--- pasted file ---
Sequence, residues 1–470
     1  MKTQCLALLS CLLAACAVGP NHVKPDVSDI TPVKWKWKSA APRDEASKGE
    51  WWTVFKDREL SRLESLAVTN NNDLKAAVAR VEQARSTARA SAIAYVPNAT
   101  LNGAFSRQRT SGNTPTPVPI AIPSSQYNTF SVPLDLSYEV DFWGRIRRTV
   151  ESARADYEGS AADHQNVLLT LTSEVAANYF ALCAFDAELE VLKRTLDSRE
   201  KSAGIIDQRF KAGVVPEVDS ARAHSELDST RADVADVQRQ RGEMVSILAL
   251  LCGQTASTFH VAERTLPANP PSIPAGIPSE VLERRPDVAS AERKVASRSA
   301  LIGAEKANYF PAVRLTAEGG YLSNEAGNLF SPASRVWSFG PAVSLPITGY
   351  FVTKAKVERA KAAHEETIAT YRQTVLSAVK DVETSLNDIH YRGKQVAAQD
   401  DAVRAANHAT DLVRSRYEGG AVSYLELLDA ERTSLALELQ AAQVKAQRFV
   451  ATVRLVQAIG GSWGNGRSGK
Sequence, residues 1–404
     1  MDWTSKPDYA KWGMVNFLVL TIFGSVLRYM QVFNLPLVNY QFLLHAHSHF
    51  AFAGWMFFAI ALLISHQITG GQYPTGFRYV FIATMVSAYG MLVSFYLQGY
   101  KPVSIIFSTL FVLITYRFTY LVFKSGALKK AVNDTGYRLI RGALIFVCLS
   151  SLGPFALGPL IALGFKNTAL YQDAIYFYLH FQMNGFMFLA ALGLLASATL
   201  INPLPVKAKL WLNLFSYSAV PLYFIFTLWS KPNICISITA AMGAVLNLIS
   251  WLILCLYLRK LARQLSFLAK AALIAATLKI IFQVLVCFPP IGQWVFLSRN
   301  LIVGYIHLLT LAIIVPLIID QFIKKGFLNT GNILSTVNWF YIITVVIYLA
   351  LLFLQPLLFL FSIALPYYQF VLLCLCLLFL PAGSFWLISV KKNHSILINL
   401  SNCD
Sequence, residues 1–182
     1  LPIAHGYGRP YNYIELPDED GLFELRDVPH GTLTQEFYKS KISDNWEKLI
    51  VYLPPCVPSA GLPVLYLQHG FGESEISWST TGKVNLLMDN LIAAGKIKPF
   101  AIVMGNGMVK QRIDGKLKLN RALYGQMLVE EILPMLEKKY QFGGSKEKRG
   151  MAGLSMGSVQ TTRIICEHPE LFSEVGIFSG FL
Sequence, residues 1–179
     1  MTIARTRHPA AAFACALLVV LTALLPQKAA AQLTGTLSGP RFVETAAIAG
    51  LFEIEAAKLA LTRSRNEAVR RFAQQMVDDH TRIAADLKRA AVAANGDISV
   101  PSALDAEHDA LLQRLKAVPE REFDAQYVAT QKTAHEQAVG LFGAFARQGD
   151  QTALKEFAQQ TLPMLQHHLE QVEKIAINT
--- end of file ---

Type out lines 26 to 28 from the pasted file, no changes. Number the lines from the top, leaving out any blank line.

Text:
   151  MAGLSMGSVQ TTRIICEHPE LFSEVGIFSG FL
Sequence, residues 1–179
     1  MTIARTRHPA AAFACALLVV LTALLPQKAA AQLTGTLSGP RFVETAAIAG